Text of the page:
it is an easy matter to get their ltcation- Vernon Sunday, the latter to attend
by the use of this nmap. One oli-lar byiis the meeting of the board, and both
either r.;a'; or :-eithe r will i. el vdi iR si to be present at the de linquent tax,
premium tir live c slh in l ii.. sib- ,
si c i i ieS Silr ,
/t )


To ..



:il,,i tl{


Li i i


.I .


L 0 C A L D R I F T, -A good many of the tracts sold T!.l:
at the delinquent sale Monday had been TF.lif
-Everything in the jewelry line returned to the state for delinquent taxes PT.
at-Russell's. of lh92. On all of these the state will E. E
-Nice bread, pies and cakes, fresh relinqvislh its tlaim upon the Fp--.-.~n-Yt nf
every day at Russell's store, that ltax, fii i'e l i V; a ill t'. I
-For Aligator teeth and shell to ,': 'ar ,-.t*: g'ii ,i ,
d iele 'I'llI R DOIO IoIIt O If 11i i R1I.I ld ln. IU,11 1i'
jewelry, call on I, J. Hughes. dee i n t i i .. tL
-Several of our citizens attended, is r ii '
do v eli tu i Torii c .(.rnl iiti th S t t Cinnp-
the tax sale at Ve:non Monday. troller W. 1. HB..xl:Im. Tall., -.C,'
S -Commercial, legal, and plain or .,,d ifii,,ir pur'-iias,-s rua foul ii it, t.1 ;r1.
e printed stationery at the Buoy office, thisia las, iu at cIru rit-rit Ihie I..J Lt!,| a' '.C ,1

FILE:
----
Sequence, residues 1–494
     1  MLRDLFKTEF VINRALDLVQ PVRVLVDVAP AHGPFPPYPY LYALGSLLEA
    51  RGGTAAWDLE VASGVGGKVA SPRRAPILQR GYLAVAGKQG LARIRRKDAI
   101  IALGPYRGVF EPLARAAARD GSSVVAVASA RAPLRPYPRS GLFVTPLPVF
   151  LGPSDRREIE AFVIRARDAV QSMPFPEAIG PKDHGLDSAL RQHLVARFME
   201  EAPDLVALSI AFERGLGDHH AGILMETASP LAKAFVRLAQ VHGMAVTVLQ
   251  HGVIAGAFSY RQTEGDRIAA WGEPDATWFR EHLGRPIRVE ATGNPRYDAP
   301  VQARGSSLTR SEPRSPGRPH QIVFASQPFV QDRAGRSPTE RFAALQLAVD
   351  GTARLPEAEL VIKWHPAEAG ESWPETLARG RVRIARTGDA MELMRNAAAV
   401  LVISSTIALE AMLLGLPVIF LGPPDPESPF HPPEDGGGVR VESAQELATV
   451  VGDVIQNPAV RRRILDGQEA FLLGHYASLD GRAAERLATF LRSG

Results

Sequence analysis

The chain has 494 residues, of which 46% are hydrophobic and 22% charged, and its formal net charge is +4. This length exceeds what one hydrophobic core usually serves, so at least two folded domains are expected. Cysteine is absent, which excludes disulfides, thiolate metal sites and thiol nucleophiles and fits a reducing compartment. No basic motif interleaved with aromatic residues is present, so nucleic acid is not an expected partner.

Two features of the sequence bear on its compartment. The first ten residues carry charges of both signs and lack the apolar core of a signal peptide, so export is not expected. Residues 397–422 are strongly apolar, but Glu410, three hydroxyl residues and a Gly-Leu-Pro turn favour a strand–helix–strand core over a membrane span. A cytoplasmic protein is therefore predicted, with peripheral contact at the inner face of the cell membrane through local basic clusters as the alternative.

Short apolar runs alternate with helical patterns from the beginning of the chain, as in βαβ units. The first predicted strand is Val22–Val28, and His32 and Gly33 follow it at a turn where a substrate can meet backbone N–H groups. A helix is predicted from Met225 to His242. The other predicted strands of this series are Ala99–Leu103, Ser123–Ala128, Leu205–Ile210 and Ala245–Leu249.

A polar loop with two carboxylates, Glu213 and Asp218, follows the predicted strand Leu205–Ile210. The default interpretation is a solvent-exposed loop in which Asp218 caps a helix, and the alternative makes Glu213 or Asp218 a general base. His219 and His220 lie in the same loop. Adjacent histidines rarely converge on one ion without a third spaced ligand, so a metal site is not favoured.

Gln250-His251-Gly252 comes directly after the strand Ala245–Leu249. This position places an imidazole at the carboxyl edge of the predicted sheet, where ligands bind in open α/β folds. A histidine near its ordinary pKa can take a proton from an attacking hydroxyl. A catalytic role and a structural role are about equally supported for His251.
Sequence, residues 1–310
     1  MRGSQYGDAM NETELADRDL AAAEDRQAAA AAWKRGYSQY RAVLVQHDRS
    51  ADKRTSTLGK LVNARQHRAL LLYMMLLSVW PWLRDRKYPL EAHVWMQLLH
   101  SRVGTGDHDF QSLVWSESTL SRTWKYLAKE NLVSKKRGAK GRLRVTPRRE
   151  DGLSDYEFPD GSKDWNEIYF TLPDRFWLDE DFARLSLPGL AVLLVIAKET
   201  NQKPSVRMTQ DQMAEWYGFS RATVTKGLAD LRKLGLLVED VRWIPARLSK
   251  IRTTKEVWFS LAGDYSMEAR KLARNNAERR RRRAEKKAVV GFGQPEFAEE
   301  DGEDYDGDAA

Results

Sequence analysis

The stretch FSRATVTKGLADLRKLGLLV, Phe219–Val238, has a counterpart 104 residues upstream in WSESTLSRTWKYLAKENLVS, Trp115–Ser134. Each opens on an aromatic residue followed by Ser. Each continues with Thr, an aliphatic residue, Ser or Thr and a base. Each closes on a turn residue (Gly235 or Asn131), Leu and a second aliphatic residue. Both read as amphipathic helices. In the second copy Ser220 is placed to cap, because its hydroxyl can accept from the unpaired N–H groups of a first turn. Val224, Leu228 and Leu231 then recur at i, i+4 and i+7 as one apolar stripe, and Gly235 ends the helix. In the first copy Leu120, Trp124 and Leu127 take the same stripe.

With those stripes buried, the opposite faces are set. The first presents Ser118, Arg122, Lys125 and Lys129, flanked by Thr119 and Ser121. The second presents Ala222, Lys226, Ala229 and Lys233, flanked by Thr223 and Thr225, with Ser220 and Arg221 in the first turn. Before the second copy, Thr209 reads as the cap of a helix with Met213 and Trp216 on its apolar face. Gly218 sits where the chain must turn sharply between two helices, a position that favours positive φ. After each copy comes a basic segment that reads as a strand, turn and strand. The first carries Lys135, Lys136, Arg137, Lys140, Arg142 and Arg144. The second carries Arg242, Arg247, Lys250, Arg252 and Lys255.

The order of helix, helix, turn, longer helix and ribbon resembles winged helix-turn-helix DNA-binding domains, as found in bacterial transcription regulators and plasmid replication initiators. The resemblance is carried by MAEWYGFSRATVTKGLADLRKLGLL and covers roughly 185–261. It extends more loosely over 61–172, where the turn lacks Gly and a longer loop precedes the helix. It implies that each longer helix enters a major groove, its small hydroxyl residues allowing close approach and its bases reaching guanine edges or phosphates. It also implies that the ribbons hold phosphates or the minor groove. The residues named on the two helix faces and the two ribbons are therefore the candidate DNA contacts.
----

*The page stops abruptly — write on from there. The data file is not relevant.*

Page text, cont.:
-Watermelons are plentiful and and clear thi -wt Lo Hiv taIe'r iita.nt ( -';:,!li
o cheap, and the small boy is happy. in l:I,. sami. can ,i
3t -New sweet poratoes are being --ilimirr te!I.is u that there i nu in S.pj
brought to market in small; quantities. aii.nci ticiii il' r;ut r v.-rii at V.' i.-n i ,n! a.
No person interested in W est Buhon ii:.'le., iii.- ,.. i i.:; i|,-.r,,ven I t
* Florida can afford to be without the BUvo. onial I.iili foIr h' il'.ai,- of' Ihe n t.i ,
-The Loyal Temperance Legion *".'ii rt', .c-ill. t- Si. AndJie C 13.i. .. H- If l tt
Smeeta every Sunday afternoon at3 o'clock ti. ltr':tl t'.d I',.Pl e l sl t Iqii,-. tilo
-Golden Gate letter and Colum- INers i-i 'ishiii:: I.,*nd r.c) l'd ald uta to
Sm !' ~i t tii-'.- il! di. ,..,!I t, ad.lr.. as' thi. r .
r bus Souvenir note tablets-no finer made l., rd.i.,;l H .-it. cei l
Ri. 1F. H ^If- Zrd, .P".*< tn H.rrii on .1 t
-at the BuoY office. ai ;I
--The Net ii st.pi ied at Croman- -Tle topic for ,li ..'.i,, at tl. b
Stone on her way to Pensacola and took on xt !, ftcn. I .
several l ..:,- r W l,,, lAl .d vit it m I.,.
Re\v. c. Si:..30 will preach ait ..:, C a ,,n ..ntio ,. ,o .- C.,
-- t 3; .Fl ,..',: k. ,\), ,,
TLil.,ir;,s lh .l to "get lm ove to keep pace with Tax C.:,' i L'I.vy at it ., ic-.rdiall ir,\itLd to atteri.
the delinquent tax sale. --Eda, L; ;lanvm may w i c .
-Legal cap, commercial note C--- i.. .t Jl.l d. i ,llih .
letter-heid papers and envelopes, either conducted by the general pe-.)p!e :'., 'I 1i. '
printed or olain at the Buoy office. welfare. but there is no store ivW ,.r .-1. ,'. .lI
-If you expect to vote youi mist general public can get more cc., .it. I,...t ;I1L,
register The books will be at the store treatment or better and cheaper t..... t'L .':
ot L. M, Ware & Co. until next Monday than at the People's 'tore. Pittsbui;.F:., TL. i i
only. N. W. Pitts, proprietor. !
-The ordinance of b aptism was -The bridge over the M3;!IL; t'.
administered to three candidates by Rev- Branch on the Chiploy and St. .i ii ,. ''.i